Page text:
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UPDATE 2-Pfizer pulls Lipitor ads with heart expert Jarvik
February 25, 2008 / 8:33 PM / 10 years ago

UPDATE 2-Pfizer pulls Lipitor ads with heart expert Jarvik

(Adds reaction from lawmakers, background)

By Lisa Richwine

WASHINGTON, Feb 25 (Reuters) - Pfizer Inc (PFE.N) said on Monday it was pulling advertisements for its Lipitor cholesterol drug featuring Dr. Robert Jarvik, inventor of the Jarvik artificial heart, because they created “misimpressions.”

The ads involving Jarvik had come under scrutiny from a U.S. House of Representative committee as part of an investigation into celebrity endorsements of prescription medicines.

Democratic lawmakers had voiced concern that Jarvik’s qualifications were misrepresented in widely seen television commercials touting the blockbuster drug. They said Jarvik seemed to be dispensing medical advice even though he is not a practicing physician.

The commercials, which portray Jarvik in various outdoor activities, also raised eyebrows after news reports that a stunt double was used in a scene with a man rowing across a lake.

On his company’s Web site, Jarvik describes himself as a medical scientist who has worked in the field of artificial hearts for 36 years and does not practice clinical medicine or treat individual patients.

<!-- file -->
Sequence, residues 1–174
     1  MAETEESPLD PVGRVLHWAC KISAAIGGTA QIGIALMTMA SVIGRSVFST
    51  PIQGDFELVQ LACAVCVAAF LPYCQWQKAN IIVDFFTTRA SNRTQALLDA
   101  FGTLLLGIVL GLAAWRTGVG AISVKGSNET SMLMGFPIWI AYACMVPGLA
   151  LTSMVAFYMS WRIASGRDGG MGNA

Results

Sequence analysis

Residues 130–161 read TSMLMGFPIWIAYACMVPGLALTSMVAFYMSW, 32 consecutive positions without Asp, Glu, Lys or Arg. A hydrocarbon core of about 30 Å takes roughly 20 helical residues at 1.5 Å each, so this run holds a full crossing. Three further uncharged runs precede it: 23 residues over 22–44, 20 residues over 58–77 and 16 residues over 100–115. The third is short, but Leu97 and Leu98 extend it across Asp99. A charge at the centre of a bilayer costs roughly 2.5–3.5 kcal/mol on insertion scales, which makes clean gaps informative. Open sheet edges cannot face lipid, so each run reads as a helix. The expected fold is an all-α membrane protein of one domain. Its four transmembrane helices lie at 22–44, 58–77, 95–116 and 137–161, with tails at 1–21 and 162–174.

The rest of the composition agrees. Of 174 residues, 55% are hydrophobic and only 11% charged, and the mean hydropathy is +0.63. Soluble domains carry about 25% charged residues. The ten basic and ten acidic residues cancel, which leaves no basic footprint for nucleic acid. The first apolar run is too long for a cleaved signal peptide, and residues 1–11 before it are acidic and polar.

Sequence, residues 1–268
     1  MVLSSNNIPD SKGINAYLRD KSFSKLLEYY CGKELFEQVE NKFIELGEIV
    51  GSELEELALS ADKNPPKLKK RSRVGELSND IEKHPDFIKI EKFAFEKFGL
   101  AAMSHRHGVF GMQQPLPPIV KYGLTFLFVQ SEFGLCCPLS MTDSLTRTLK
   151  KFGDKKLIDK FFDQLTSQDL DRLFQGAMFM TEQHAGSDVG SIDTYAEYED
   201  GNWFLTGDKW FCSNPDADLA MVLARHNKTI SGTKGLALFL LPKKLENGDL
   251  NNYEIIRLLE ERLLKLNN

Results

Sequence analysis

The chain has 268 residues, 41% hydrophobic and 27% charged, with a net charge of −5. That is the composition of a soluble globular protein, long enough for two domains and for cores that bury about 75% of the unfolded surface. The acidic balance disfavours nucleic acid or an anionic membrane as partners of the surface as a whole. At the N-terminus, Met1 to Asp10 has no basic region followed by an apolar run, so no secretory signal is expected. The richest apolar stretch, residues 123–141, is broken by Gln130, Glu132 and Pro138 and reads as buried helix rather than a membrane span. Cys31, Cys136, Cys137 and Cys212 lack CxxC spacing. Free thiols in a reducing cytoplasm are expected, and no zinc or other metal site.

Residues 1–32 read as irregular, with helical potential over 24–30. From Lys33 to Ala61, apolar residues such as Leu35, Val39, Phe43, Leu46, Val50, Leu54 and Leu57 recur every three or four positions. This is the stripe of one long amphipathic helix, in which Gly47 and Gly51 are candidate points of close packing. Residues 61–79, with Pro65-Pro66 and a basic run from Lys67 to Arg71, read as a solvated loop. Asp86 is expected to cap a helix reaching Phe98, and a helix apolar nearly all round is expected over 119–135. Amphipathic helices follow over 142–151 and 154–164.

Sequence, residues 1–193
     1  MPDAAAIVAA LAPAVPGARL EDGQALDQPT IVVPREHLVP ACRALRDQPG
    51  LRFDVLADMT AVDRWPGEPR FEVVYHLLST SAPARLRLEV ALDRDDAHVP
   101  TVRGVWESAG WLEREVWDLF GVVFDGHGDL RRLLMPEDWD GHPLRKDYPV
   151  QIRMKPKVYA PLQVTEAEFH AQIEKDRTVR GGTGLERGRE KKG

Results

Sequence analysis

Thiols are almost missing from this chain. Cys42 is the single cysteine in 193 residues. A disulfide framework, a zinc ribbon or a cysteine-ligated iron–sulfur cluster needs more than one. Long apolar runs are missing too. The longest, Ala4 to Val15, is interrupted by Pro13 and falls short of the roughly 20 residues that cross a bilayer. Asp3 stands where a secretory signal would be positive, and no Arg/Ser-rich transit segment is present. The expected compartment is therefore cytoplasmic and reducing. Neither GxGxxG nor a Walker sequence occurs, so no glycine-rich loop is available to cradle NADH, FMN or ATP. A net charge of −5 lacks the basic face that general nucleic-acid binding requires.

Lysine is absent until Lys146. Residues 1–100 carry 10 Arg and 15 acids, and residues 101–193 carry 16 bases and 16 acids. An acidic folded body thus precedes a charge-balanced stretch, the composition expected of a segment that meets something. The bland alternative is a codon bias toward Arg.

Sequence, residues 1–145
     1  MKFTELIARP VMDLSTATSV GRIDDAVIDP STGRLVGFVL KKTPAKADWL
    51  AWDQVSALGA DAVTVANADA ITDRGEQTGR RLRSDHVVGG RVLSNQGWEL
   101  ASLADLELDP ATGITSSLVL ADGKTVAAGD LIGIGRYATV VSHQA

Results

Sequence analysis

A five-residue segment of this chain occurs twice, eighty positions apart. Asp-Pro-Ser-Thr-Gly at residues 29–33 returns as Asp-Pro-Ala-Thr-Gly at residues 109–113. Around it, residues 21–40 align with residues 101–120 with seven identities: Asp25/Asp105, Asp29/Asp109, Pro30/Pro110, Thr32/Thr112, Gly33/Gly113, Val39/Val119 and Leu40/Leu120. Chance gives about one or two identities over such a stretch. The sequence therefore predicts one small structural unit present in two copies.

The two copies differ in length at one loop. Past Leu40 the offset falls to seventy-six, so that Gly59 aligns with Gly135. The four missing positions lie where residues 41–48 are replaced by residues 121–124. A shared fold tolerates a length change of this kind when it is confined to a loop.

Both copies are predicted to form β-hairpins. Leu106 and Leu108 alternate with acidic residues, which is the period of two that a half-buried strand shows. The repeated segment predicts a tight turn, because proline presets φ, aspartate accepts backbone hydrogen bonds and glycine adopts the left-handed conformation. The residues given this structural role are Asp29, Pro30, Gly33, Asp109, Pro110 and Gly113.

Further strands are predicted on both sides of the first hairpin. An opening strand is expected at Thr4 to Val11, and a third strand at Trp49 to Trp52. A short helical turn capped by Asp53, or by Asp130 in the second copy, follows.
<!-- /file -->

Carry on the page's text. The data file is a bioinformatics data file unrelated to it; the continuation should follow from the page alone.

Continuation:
Pfizer, the world’s largest drugmaker, said it was withdrawing the Jarvik ads voluntarily.

“The way in which we presented Dr. Jarvik in these ads has, unfortunately, led to misimpressions and distractions from our primary goal of encouraging patient and physician dialogue on the leading cause of death in the world -- cardiovascular disease. We regret this,” Ian Read, Pfizer’s president of worldwide pharmaceutical operations, said in a statement.

“Going forward, we commit to ensuring there is greater clarity in our advertising regarding the presentation of spokespeople,” Read said.

New Lipitor campaigns will be launched in several weeks, Read added.

Lipitor, part of the statin family of cholesterol-lowering medicines, is the world’s best-selling prescription drug. Global sales fell 2 percent to $12.7 billion in 2007, hurt by competition from low-cost generic forms of Merck & Co Inc’s (MRK.N) Zocor.

Lawmakers probing the Jarvik ads praised Pfizer’s decision to stop running them.

“We trust that Pfizer is sincere in its commitment to ‘greater clarity’ in its advertising. My colleagues and I look forward to meeting with Pfizer’s management team to discuss their plans related to direct-to-consumer advertising,” House Energy and Commerce Committee Chairman John Dingell said in a statement.

Rep. Bart Stupak, who chairs the panel’s subcommittee on investigations, said lawmakers still planned to meet with Jarvik and collect and review documents requested as part of the investigation. Dingell and Stupak are both Michigan Democrats.

Officials at Jarvik Heart Inc in New York, where Jarvik serves as president and chief executive, did not immediately respond to a request for comment on Monday.

In a statement issued in January, Jarvik said he had the “training, experience and medical knowledge to understand the conclusions of the extensive clinical trials” of Lipitor.

Lipitor is known generically as atorvastatin. Zocor’s generic name is simvastatin. (Reporting by Lewis Krauskopf and Lisa Richwine; editing by Jeffrey Benkoe and Braden Reddall)

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